w(x + y) ≥ min(w(x), w(y)
for all x, y ∈ K (we take w(0) = ∞).
Example: The map v : Qp → Z is a discrete valuation, since
(∗) extends to Qp .
Exercise: If K has a discrete valuation then
A = {x ∈ K|w(x) ≥ 0}
is a ring, and
m = {x ∈ K|w(x) > 0}
is its unique maximal ideal. Choose π so that w(π) = 1. Every
element x ∈ K × can be uniquely written as x = π w(x) u, where
u is a unit in A.
Remark: A, A/m, and π are called respectively the valuation ring, the residue field, and a uniformizer of w. As with
the valuation on Qp , w yields a metric on K. An alternative way of describing the elements of A is by the power series {c0 + c1 π + c2 π 2 + . . . |ci ∈ S}, where S ⊂ A is chosen

3. Infinite Galois Groups: Internal Structure


to contain exactly one element of each coset of A/m. The
connection with our approach is by mapping the typical element to (c0 (mod π), c0 + c1 π (mod π)2 , c0 + c1 π + c2 π 2
(mod π)3 , . . .) ∈ A/mi = A. The description extends to K
by having K = { ∞
i=N ci π }, i.e. Laurent series in π, coefficients
in S.
Corollary 3.4 The ideal m is equal to the principal ideal (π),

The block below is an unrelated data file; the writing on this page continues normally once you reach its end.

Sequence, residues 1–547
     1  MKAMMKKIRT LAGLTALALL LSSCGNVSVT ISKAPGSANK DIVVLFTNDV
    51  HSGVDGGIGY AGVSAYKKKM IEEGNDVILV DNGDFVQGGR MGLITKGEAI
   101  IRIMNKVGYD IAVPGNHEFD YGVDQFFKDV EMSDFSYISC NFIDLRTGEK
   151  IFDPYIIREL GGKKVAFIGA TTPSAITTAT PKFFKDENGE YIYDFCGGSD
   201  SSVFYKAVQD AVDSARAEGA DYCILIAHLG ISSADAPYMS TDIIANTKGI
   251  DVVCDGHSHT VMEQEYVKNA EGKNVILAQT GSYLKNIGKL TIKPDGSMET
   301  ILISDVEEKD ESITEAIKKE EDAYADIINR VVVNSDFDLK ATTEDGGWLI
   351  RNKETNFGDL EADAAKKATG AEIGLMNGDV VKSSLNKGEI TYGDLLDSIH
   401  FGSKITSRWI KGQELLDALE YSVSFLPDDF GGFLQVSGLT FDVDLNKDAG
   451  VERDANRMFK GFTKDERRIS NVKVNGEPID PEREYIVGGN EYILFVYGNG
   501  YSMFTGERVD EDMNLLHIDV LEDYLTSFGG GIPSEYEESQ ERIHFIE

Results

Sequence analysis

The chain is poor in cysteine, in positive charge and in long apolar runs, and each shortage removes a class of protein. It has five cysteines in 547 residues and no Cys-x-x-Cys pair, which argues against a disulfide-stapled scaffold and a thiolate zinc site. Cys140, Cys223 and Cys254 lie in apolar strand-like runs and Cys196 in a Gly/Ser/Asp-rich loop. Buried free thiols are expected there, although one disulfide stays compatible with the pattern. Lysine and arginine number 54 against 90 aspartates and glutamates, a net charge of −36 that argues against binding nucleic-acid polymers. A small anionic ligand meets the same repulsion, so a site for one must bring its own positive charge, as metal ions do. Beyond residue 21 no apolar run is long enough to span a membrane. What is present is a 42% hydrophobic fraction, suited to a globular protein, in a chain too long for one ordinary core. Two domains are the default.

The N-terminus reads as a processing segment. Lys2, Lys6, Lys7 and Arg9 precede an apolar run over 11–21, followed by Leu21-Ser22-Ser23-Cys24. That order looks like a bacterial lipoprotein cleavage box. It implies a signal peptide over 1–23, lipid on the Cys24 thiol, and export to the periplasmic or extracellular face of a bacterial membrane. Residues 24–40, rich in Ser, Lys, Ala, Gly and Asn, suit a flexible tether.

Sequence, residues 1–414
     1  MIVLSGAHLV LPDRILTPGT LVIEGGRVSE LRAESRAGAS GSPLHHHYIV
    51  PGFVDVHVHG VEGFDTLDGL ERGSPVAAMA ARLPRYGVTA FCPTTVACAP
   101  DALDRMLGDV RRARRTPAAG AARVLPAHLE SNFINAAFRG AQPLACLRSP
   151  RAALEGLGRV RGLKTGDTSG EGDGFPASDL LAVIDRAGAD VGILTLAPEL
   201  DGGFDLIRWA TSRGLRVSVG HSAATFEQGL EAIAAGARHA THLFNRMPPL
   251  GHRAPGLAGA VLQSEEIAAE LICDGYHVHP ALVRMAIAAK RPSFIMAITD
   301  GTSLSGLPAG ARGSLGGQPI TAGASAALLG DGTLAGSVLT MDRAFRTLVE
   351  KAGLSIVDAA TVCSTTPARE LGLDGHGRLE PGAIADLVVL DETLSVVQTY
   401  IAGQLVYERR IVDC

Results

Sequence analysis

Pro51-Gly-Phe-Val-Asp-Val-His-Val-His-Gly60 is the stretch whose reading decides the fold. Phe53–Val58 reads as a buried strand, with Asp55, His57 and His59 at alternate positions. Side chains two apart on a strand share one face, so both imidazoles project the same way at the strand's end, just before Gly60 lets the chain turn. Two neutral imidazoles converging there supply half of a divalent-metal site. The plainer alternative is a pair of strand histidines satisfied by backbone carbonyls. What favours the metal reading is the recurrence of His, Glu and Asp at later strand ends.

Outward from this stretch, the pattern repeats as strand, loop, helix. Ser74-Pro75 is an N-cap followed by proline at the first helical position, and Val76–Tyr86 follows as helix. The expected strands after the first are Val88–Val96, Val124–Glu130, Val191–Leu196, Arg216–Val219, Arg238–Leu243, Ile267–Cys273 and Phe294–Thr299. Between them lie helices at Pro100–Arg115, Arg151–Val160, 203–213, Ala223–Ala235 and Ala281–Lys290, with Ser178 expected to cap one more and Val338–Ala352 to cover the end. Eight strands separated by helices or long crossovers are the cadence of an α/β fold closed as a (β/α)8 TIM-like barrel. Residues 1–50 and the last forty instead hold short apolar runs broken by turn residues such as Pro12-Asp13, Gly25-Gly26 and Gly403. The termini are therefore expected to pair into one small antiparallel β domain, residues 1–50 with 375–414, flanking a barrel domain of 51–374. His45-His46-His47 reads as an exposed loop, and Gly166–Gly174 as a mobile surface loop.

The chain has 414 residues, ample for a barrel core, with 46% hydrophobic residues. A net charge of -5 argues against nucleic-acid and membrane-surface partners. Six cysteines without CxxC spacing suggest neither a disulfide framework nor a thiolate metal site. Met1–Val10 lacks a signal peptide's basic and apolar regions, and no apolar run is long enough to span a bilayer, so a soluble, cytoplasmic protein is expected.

and all ideals of A are of the form (π n ), so A is a PID.
Let K/Qp be a finite Galois extension, and define a norm
N : K × → Q×
p by
x 7→

where G = Gal(K/Qp ). The composition of homomorphisms


K × −→ Q×
p −→ Z
is nonzero with some image f Z. We then define w : K × → Z
by w = f1 v ◦ N . Then w is a discrete valuation on K. f is
called the residue degree of K, and we say that w extends v
with ramification index e if w|Qp = ev. For any x ∈ Qp , we
ev(x) = w(x) = v(N (x)) = v(xn ) = v(x),
so that ef = n = [K : Qp ].
Proposition 3.5 The discrete valuation w is the unique discrete valuation on K which extends v.
Proof: A generalization of the proof that any two norms on a
finite dimensional vector space over C are equivalent ([4],[29]
Chap. II). QED